Democrats have targeted U.S. Rep. Brian Mast, R-Fla., in recent election cycles but they have largely avoided going after him this time out and he is a solid favorite to win a fourth term in Congress.
First elected to Congress in 2016 after serving in the Army–including losing both his legs while serving in Afghanistan in 2010–Mast has been active on a host of issues, ranging from environmental matters to helping veterans. He’s also played a leading role in some caucuses, including the Congressional Estuary Caucus and the Congressional Coast Guard Caucus, both of which he co-chairs. If the Republicans take the U.S. House this November, as expected, Mast will play more of a larger role on both the U.S. House Foreign Affairs and the Transportation and Infrastructure Committees.
In 2016 and 2018, Mast won, taking under 55 percent of the vote both times out. That increased in 2020 when he took on Democrat Pam Keith and conservative independent K.W. Miller as Mast pulled 56 percent of the vote.
After the latest round of redistricting, Mast’s district should give him a little boost. Mast is running to represent all of Martin and St. Lucie Counties and parts of Palm Beach County. While Republicans make up 39 percent of the district, around a third of the voters here–32 percent–are registered Democrats and 29 percent are outside the major parties. Donald Trump did well here, taking 54.3 percent of the vote while Joe Biden pulled 44.9 percent.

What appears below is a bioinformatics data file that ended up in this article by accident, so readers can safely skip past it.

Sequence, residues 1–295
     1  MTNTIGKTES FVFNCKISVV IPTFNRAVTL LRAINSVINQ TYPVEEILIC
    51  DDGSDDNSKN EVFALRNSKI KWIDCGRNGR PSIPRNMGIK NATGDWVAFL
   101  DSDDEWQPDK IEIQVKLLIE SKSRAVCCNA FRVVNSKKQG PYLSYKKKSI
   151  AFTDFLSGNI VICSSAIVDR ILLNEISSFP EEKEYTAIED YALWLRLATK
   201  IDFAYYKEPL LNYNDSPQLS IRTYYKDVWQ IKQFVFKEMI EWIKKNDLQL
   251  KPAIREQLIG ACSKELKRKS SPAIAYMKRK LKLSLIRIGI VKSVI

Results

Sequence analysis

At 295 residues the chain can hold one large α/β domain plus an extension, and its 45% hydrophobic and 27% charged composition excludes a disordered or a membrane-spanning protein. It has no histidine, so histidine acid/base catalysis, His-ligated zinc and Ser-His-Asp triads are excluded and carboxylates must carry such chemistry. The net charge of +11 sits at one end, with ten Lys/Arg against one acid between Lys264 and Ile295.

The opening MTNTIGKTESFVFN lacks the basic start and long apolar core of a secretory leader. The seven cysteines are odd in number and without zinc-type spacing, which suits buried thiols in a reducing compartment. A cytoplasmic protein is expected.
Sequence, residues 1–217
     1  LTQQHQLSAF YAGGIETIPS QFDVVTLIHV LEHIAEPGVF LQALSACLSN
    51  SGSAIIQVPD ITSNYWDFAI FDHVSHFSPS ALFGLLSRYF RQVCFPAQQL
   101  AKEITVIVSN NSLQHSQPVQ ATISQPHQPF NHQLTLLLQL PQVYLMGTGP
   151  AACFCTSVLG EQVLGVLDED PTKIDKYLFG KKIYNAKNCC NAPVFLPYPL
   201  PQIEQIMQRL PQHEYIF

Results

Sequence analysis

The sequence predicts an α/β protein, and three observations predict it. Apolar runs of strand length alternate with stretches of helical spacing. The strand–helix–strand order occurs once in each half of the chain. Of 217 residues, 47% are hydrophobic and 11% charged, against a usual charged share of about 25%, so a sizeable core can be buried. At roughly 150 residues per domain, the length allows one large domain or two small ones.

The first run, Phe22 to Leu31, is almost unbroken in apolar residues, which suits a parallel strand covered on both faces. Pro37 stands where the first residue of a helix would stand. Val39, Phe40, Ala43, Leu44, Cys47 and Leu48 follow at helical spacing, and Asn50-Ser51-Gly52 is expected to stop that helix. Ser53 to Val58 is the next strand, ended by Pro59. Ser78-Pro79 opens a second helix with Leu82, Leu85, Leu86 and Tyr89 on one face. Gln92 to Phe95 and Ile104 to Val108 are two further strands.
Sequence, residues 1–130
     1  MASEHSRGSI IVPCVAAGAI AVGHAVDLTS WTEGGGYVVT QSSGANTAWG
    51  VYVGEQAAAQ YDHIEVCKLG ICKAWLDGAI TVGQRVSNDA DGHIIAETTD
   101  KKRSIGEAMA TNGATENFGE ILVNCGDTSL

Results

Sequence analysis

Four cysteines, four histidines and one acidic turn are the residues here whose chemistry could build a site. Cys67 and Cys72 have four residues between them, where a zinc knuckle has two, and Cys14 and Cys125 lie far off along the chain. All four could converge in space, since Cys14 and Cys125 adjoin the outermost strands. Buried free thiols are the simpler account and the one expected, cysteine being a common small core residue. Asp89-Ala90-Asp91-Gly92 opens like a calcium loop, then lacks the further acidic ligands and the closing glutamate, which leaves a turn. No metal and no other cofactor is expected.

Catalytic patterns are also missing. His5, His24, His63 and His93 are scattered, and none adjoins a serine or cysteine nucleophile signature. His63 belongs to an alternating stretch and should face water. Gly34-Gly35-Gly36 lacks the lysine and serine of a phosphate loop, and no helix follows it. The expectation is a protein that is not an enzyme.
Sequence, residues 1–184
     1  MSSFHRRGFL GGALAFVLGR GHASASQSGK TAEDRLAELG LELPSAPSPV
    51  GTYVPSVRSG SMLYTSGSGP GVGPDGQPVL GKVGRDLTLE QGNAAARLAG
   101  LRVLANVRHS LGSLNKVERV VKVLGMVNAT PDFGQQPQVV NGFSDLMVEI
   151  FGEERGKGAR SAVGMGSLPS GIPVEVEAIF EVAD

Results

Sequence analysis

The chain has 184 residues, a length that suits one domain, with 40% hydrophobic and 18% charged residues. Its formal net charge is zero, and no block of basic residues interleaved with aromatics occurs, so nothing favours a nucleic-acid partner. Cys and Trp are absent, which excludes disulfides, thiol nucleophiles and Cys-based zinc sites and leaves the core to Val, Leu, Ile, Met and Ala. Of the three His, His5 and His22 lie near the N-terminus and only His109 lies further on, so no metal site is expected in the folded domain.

Retired Army officer Corinna Robinson is running for Congress for a second time. In 2014, she was the Democratic nominee challenging then-U.S. Rep. Kristi Noem, R-SD. Robinson pulled around a third of the vote–33.5 percent–against Noem who claimed the rest of the vote and has since been elected governor of South Dakota. Moving to Florida, Robinson took on state Sen. Gayle Harrell, R-Stuart, in 2020 and, once again, came up short, taking 41.3 percent while the Republican won with 58.7 percent of the vote.
Robinson has lined up some of her party’s elected officials at the state and local levels and has the support of the Florida AFL-CIO. But she’ll be hard-pressed to catch Mast in this district, especially as the GOP remains solidly behind him. That was evident back in August when Mast pulled 78.1 percent against three candidates challenging him in the primary.
Only 42, Mast is in great shape to stay in Congress and move up the committee ladder. He’s well positioned for a big win and exceed his previous margins of victory.
Kevin Derby wrote this analysis. He can be reached at email@example.com
- Florida’s Senators: Trump Was Wrong to Meet With Kanye West, Nick Fuentes - November 29, 2022, 4:00 pm
- Gas Prices Continue to Drop Across Florida as the Holiday Season Ramps Up - November 29, 2022, 6:00 am
- Dianne Hart Will Lead Florida Legislative Black Caucus Through 2024 - November 28, 2022, 8:00 pm